Pale

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Pale.

1 In Irish and English history, that district of indefinite and varying limits around Dublin, in which English law prevailed. The term was first used in the 14th cent. to designate what had previously been called English land. Outlying districts were styled the marches, or border lands. In the time of Henry VIII the Pale extended N from Dublin to Dundalk and c.20 mi (32 km) inland from the coast. It disappeared in the ensuing years as the English control of the whole of Ireland was made effective. There was another English Pale in France, comprising Calais and the surrounding area, until 1558.

2 In Russia the Pale designated those regions in which Jews were allowed to live. The Jewish Pale was established in 1792, when it comprised the areas annexed from Poland in the first partition. The area was extended (partly as a result of further annexations), but even within the Pale the Jewish population was subjected to many restrictions. Most of these were in force until the Russian Revolution of 1917.

Pale

 

the name of an English colony in southeastern Ireland founded by Anglo-Norman feudal lords in the 1170’s. The name entered into use in the second half of the 14th century.

The borders of the Pale changed in the course of the struggle of the invaders with the population of the independent part of the island. Castles and fortifications were erected in the border zone. By the late 15th century the Pale comprised the presentday counties of Louth, Meath, Dublin, and Kildare. The Pale served as the base for the Complete subjugation of Ireland by the English in the 16th and 17th centuries.

pale

1. A flat strip (slat) or round stake, usually of wood; set in series to form a fence.
2. An area enclosed by such stakes.
References in periodicals archive ?
Full Sail Brewing has just announced the release of an English Pale Ale as the next beer in their rotating line of Pub Series ales.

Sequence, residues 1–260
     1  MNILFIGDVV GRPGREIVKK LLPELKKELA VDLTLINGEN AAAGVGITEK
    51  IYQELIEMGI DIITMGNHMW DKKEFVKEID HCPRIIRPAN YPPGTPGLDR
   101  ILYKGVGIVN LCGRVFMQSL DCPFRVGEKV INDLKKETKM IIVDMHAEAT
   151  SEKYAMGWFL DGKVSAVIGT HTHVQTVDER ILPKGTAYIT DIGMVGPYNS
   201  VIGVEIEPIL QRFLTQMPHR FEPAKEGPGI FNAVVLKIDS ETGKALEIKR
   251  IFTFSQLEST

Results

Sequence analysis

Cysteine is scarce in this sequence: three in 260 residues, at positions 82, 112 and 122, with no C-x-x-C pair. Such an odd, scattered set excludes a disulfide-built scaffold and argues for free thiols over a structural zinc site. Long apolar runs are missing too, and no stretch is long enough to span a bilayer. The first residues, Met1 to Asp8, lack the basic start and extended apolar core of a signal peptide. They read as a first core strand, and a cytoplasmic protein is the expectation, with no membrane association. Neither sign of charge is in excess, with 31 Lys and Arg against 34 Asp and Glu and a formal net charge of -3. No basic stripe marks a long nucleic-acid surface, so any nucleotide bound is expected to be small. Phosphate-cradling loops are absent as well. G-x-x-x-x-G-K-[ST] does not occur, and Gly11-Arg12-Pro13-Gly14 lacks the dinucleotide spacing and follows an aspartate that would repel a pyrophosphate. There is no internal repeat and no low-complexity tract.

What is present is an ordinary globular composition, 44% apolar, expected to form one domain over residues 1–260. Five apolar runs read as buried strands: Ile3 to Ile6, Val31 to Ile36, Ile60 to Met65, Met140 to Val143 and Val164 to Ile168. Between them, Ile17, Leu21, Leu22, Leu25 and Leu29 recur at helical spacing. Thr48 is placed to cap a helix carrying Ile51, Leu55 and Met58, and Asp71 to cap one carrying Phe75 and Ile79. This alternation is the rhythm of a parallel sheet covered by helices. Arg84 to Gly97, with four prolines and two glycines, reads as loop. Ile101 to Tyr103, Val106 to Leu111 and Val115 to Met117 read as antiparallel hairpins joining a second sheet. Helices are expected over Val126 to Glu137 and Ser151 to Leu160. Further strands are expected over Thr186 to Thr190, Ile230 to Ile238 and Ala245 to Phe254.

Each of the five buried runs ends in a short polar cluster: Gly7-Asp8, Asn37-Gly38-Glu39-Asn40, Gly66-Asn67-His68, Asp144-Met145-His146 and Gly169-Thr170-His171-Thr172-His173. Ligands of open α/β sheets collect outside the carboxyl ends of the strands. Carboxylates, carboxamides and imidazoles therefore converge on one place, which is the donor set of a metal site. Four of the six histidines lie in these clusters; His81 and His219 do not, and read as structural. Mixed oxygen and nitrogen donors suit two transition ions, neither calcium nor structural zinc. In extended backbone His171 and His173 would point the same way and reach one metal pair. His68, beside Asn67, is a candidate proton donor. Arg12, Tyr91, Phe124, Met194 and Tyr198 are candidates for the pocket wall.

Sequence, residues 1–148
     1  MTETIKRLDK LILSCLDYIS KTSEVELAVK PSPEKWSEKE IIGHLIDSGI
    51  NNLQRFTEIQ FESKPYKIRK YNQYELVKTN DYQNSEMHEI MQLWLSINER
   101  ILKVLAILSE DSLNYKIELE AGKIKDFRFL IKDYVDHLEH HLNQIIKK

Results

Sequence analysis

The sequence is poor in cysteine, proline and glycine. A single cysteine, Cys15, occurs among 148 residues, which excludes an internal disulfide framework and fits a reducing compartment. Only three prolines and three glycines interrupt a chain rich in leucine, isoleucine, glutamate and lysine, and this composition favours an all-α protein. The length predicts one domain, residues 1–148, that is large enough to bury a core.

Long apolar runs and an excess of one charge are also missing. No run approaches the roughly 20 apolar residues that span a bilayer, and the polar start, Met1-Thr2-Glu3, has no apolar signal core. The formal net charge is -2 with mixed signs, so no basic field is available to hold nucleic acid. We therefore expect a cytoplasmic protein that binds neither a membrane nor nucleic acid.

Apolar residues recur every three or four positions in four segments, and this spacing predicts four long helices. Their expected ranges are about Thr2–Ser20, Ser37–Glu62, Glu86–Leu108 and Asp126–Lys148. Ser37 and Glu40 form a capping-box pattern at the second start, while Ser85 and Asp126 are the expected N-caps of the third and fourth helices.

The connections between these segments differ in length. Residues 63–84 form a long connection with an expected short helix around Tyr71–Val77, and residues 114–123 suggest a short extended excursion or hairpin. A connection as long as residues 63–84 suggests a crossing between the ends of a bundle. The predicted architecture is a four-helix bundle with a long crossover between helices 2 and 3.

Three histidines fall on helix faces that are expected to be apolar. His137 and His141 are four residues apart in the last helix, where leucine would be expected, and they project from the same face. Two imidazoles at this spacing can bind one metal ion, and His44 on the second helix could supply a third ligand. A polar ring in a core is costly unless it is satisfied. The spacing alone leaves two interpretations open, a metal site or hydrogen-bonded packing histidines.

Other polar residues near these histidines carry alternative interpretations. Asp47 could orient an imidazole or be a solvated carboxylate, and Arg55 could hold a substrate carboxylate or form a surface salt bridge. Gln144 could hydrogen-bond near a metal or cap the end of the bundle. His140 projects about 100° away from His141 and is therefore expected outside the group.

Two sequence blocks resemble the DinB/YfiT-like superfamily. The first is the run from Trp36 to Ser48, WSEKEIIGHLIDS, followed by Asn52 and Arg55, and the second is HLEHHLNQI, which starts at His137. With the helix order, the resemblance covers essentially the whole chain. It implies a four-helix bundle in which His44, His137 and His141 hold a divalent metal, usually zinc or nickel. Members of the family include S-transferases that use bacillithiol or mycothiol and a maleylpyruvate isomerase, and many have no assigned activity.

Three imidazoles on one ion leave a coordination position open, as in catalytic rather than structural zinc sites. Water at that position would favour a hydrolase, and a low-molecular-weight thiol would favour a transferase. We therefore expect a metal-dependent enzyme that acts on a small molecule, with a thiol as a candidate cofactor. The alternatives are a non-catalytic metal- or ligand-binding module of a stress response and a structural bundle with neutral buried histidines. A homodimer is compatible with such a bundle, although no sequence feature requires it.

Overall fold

This no-nonsense full-bodied premium ale from Daniel Thwaites' Brewery in Lancashire (founded in 1807 and still family run) uses Fuggles and Goldings hops and English Pale Ale malt.
TOMORROW CORK: 2.00 English Pale, 2.30 Miss Sapphire, 3.05 A Toi Phil, 3.35 Balbir Du Mathan, 4.10 Justmemyselfandi, 4.45 Polymath, 5.20 Nicole's Milan, 5.50 Crazywork De Vassy.
The National Home Brew Winners, Matt Tucker and Jake Tucker from Oviedo, FL won a silver medal for their English Pale. While, Stacy Myers took a bronze for her ale, Horseman of the Hopocalypse Ale in the Rye/Roggen category, and Phil Sullivan also took a bronze for his Sully's Belgian Blonde in the Belgian Ale Category.
Select canned beers will receive Gold, Silver and Bronze medals awarded in nine categories: IPA; American Pale Ale; English Pale Ale; Wheat Beers; Stouts and Porters; Ambers and Browns; Golds, Blondes, Pilsners and Light Lagers; Fruit; and Specialty Beer.
The awards ceremony will include Gold, Silver and Bronze medals in nine categories: IPA; American Pale Ale; English Pale Ale; Wheat Beers; Stouts and Porters; Ambers and Browns; Golds, Blondes, Pilsners and Light Lagers; Fruit; and Specialty Beer.
The first beer to get the new labels is our Pub Style, that's our mainstay, it's an English pale ale brewed with American hops and our infamous Ringwood yeast.
Americans (Left Hand, Deschutes and Sierra Nevada) swept the porter category, and the English bitter category (Caldera, Deschutes and Uinta) and the English pale ale category (Oskar Blues, Flying Dog and Deschutes).
"It definitely has more hops than an English pale, but you don't get any bitterness until the finish," Marry added.